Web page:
14. The contested decision then adds that discounts granted for individualised quantities corresponding to the entire or almost entire demand have the same effect as explicit exclusivity clauses, in that they induce the customer to purchase all or virtually all its requirements from a dominant undertaking. The same is true of loyalty rebates, in other words, rebates that are conditional on customers purchasing all or most of their requirements from a dominant supplier. In the Commission’s view, it is not decisive for the exclusionary nature of the agreements or conditions concerned whether the purchase-volume commitment is expressed in absolute terms or as a percentage. So far as [Tomra’s] agreements were concerned, the contested decision states that the stipulated quantity targets constituted individualised commitments which were different for each customer, regardless of its size and purchasing volume, and which corresponded to the customer’s entire requirements or to a large proportion of them, or even exceeded them. The contested decision adds that [Tomra’s] policy of tying their customers, in particular their key customers, into agreements that aimed at excluding competitors from the market and denying them any chance of growth is evident from the documents relating to [Tomra’s] strategy, their negotiations and the offers made by them to their customers. Given the nature of the RVM market and the characteristics of the product itself, in particular the transparency and relatively foreseeable demand of each customer for each year, the Commission found that [Tomra] had the market knowledge necessary to make a realistic estimate of each customer’s approximate demand.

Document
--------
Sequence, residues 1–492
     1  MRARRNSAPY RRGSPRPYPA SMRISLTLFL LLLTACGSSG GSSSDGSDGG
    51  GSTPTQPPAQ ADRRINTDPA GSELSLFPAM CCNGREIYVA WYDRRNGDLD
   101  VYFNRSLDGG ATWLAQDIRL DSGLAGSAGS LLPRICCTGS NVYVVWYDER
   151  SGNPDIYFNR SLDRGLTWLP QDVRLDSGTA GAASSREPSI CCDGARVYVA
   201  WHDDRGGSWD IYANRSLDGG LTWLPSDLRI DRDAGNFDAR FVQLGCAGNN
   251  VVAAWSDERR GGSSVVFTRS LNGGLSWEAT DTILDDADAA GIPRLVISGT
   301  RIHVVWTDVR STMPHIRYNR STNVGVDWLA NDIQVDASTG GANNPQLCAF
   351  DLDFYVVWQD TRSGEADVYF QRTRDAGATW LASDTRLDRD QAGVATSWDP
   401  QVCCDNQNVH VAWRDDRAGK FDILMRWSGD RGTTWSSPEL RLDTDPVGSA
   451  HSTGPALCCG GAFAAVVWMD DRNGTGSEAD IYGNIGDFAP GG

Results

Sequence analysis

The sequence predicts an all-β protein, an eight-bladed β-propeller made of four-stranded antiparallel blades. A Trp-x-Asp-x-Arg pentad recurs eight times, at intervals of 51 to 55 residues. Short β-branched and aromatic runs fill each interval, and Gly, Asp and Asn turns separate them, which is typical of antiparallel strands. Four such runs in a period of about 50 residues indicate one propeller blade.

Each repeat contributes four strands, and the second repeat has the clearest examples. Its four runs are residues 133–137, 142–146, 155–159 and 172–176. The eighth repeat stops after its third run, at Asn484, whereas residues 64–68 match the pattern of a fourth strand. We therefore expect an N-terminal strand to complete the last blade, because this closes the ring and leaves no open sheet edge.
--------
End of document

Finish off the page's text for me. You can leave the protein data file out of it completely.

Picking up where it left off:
15. Furthermore, concerning the rebates, the Commission noted in the contested decision that the rebate schemes were individual to each customer and the thresholds were linked to the total requirements of each customer or a large part thereof. They were established on the basis of the customer’s estimated requirements and/or purchasing volumes achieved in the past. The incentive for buying exclusively or almost exclusively from [Tomra] was, according to the contested decision, particularly strong where thresholds such as those applied by [Tomra] were combined with a system whereby the achievement of the bonus or a more advantageous bonus threshold benefited all purchases made by the customer during the reference period and not exclusively the purchasing volume exceeding the relevant threshold. Under a retroactive scheme, a customer which has started purchasing from [Tomra] — a very likely scenario given [Tomra’s] strong market position — thus has a strong incentive to reach the required threshold in order to reduce the price of all its purchases from [Tomra]. That incentive increased, according to the contested decision, the closer the customer came to the threshold in question. For the Commission, the combination of a retroactive rebate scheme with a threshold or thresholds corresponding to the customer’s entire requirements or a large proportion thereof represented a strong incentive to buy all or almost all the equipment needed from [Tomra] and artificially raised the cost of switching to a different supplier, even for a small number of units. The Commission therefore concluded that, in accordance with case‑law, the rebate schemes at issue had to be qualified as a means of loyalty building and thus as loyalty rebates.